Gold and platinum accounts – how looks can be deceiving

by , Principal Policy Adviser Money 18 December 2012
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Savings accounts with names like ‘Extra High Interest’, ‘Midas Gold’, ‘Extra Special’ and ‘Triple Gold’ all sound promising, don’t they? But then you see the paltry interest rates on offer, and they’re all a bit of a let-down.

A white horse painted like a zebra

Take NatWest’s sparkly-sounding Diamond Reserve savings account, paying just 0.1% interest. So, for every £100 you save, you’ll get just 10p in annual interest.

On a similar theme, First Direct might implore you to ‘sit back, relax, and let the rewards come to you’ with its Bonus Savings account. But don’t get your hopes up – even if you don’t make any withdrawals, you’ll also get a rate of just 0.1%. And if you do need to take some money out of your account, your rate will halve to just 0.05%.

Overpromise and underdeliver

Here are my top five savings account names that sound far grander than the rates they deliver:

  • Danske Bank pays a slightly higher, but still paltry 0.1% on its Midas Gold account
  • NatWest’s Diamond Reserve also pays 0.1%.
  • Dudley Building Society’s Extra Special account pays 0.05%
  • First Trust Bank (NI)’s Cash Stash also pays 0.05%
  • Cambridge BS pays 0.05% on its Instant Sapphire account

There are some grandiosely named savings accounts that are less stingy if you’re able to save more. For example, the Extra High Interest account from Julian Hodge Bank pays just 0.1% interest on £1,000, but a more respectable 2.7% on a balance of £10,000. Halifax/Bank of Scotland’s Extra Income Saver, on the other hand, only boosts its rate from 0.1% to 0.13% for balances of £5,000-£25,000.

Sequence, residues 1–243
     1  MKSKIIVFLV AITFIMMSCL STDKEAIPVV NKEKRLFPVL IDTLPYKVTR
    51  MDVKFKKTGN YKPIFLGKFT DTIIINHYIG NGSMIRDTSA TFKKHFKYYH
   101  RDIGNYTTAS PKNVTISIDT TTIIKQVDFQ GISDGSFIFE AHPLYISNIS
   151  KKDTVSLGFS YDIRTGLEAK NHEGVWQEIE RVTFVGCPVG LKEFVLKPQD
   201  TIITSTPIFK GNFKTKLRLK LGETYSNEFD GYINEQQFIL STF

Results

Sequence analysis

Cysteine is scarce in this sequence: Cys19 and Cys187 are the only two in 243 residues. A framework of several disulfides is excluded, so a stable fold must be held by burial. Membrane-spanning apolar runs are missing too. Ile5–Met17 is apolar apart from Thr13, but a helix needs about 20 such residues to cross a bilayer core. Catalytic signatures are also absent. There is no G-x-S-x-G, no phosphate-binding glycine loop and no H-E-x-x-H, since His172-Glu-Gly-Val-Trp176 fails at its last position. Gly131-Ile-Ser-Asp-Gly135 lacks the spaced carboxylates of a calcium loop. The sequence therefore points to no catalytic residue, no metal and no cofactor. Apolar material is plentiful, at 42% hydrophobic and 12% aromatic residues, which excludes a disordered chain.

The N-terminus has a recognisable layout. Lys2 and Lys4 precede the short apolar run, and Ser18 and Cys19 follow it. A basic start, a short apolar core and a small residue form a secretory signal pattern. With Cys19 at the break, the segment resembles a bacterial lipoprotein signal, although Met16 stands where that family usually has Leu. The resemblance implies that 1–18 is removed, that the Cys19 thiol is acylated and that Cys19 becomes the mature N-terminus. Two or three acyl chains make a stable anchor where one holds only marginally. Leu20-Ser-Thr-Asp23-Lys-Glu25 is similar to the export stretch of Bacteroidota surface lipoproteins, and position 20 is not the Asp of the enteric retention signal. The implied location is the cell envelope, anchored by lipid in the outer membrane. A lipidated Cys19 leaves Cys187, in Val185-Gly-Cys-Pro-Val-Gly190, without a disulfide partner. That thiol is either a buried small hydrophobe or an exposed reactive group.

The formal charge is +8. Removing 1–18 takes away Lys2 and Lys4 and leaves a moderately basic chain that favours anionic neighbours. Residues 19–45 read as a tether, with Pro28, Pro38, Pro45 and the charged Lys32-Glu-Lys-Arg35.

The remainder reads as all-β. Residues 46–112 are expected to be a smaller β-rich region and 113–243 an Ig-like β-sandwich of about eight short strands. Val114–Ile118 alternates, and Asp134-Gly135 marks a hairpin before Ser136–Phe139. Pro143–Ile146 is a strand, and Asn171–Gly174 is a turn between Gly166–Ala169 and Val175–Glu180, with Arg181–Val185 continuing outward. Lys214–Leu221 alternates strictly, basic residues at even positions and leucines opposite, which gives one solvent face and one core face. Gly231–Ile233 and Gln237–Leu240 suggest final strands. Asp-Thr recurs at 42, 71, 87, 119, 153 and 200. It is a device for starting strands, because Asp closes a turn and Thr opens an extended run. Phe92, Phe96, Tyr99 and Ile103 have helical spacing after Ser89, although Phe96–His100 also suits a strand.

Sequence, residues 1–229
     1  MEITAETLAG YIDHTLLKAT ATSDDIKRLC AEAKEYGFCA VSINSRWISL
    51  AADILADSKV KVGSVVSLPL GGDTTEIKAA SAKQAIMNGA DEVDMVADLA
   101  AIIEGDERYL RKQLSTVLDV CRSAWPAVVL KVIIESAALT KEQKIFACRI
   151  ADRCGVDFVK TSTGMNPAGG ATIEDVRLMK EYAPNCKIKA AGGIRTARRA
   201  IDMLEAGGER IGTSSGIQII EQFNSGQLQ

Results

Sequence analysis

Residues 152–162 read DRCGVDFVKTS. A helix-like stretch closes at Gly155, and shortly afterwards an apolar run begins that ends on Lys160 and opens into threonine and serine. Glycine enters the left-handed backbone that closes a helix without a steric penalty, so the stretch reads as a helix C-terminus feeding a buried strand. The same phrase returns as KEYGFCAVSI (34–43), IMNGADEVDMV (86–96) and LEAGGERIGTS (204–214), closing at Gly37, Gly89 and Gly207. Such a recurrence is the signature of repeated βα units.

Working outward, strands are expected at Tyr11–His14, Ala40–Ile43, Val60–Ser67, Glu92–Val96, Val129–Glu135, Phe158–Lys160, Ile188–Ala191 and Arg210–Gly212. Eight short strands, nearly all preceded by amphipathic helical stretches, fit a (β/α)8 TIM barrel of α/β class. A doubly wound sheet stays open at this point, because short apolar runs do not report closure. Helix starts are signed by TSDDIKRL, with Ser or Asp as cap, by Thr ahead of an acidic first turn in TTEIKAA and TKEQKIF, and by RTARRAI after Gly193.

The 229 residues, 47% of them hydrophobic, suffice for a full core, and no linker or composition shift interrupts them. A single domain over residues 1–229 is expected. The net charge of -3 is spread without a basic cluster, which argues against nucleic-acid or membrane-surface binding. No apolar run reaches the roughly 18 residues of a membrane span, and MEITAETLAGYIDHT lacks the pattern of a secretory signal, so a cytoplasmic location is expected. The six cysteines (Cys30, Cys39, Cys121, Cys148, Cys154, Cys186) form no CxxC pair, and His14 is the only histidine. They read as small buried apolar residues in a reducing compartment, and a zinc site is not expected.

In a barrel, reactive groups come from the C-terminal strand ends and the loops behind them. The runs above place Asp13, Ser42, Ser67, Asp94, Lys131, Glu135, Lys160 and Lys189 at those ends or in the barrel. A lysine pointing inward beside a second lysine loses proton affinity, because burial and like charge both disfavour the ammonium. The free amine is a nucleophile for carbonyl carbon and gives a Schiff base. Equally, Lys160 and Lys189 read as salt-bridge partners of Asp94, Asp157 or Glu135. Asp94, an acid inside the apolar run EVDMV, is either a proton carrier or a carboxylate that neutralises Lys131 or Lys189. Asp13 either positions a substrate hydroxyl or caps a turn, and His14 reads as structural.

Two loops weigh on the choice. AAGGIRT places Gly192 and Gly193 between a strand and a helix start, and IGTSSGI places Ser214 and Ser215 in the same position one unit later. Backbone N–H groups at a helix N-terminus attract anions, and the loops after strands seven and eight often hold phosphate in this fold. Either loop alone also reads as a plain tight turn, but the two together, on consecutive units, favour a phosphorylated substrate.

If it sounds too good to be true…

Many of the savings accounts that pay insultingly low returns used to pay more once upon a time. For example, in September 1997, the NatWest Diamond Reserve account was paying 4.59% AER, while the Halifax Liquid Gold account paid 3.7% on balances of £3,000. Neither matched the best deals available at the time, but they were far better than the current advertised rates of 0.1% and 0.05% respectively.

While the oxymoronic account names are quite funny, there is a real risk that savers could be misled by a product’s glitzy-sounding label. This is particularly true where these accounts once offered good value. The new regulator, the Financial Conduct Authority (FCA), needs to clamp down on misleading product names, and providers need to offer fairer interest rates or withdraw their products.

Have you spotted any savings accounts where the bling name isn’t matched by the reality?

8 comments

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wavechange

I don’t see this as a real problem, since no-one is likely to open an account if the interest rate is very poor. What concerns me far more is savings accounts and ISAs that give a decent rate of interest but this becomes derisory when a new account is launched. It is legal, very unfair, and extremely common.

If HTC, the mobile phone company, was to move into the financial sector I’m sure they could come up with some really daft names for accounts. :-)

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william